Superbug in the making

Cholera bacteria exhibit high resistance to drugs

By Biplab Das
Published: Friday 15 July 2011


THE spectre of superbug still hangs heavily on the residents of Delhi. To make matters worse, another study conducted in the capital has found that cholera bacteria might also be becoming resistant to drugs. Similar results were found in a study conducted at Solapur district of Maharashtra.

The studies found that cholera bacteria—Vibrio cholerae—exhibited “high-level resistance” to antibiotics like nalidixic acid, furazolidone, cotrimoxazole, polymyxin B, streptomycin, sulfamethoxazole, trimethoprim and rifampicin. The researchers believe that enhanced exchange of genetic material from one bug to another in human gut or natural environment confers such resistance to the bacteria.

The study in Delhi was carried out in collaboration with University College of Medical Sciences at GTB Hospital, University of Delhi and the National Institute of Cholera and Enteric Diseases. The researchers collected 1,424 stool samples from patients above five years of age and showing symptoms of cholera onset— watery diarrhoea and vomiting. The study analysed bacterial responses to eight antibiotics—chloramphenicol, cefotaxim, ciprofloxacin, cotrimoxazole, furazolidone, gentamicin, nalidixic acid and tetracycline.

They found that in 98 per cent of the samples O1 strain of cholera bacteria was prominent. “This strain was 100 per cent resistant to nalidixic acid, furazolidone and cotrimoxazole,” says Shilpee Choudhry, lead researcher. In contrast, most of the O1 strain were sensitive to chloramphenicol (98.3 per cent) and cefotaxime (91.4 per cent). The O1 strain were partially resistant to gentamicin and tetracycline. The strains were earlier sensitive to the drugs. But in 2007, 41.3 per cent and 58.6 per cent developed resistance against gentamicin and tetracycline respectively, the researchers say. “Multiple drug resistance in cholera bacteria can be due to transfer of resistance genes between members of human gut bacteria and V cholerae,” Choudhry says. The study was published in the April issue of Journal of Infection in Developing Countries.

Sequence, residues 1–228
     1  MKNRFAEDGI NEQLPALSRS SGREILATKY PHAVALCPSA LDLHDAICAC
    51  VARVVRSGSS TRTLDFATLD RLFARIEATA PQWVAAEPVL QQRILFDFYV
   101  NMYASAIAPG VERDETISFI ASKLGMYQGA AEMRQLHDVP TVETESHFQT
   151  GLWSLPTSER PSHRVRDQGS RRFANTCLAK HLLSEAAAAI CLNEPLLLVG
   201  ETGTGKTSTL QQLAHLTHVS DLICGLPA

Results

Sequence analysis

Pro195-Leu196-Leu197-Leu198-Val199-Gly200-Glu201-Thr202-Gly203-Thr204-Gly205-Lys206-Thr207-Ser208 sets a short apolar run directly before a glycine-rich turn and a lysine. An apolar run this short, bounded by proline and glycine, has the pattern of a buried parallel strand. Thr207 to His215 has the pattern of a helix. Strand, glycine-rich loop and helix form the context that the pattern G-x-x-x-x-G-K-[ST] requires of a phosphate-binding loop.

The study conducted in Solapur analysed 41 cholera bug isolates collected during the disease outbreak in March 2010 there. It found that E1 strain of the bacteria having resistant gene CTXB had become resistant to chloramphenicol, tetracycline, ampicillin, sulphamethoxazole-trimethoprim and streptomycin. The researchers say these genes can easily be passed between bacteria by plasmids—independent, circular, self-replicating DNA molecules found in the microorganism. “Such transfer of genes between V cholerae and other bacteria may increase the risk of morphing cholera bacteria into a superbug,” says Gopal Nath professor at Banaras Hindu University.

Drug-resistant genes have also been found in Escherechia coli and Klebsiella pneumonia. The resistant gene found in these bacteria is called New Delhi metallo-beta-lactamase-1 (NDM-1), a type of beta-lactamase gene. A study in the May issue of Lancet Infectious Diseases claimed to have detected NDM-1 gene on the chromosome of cholera bacteria. The study analysed 171 seepage samples and 50 water samples from Delhi. The resistant gene can easily jump from chromosomes to plasmids facilitating its spread (see ‘Superbug threat is for real’, Down To Earth, May 1-15, 2011).

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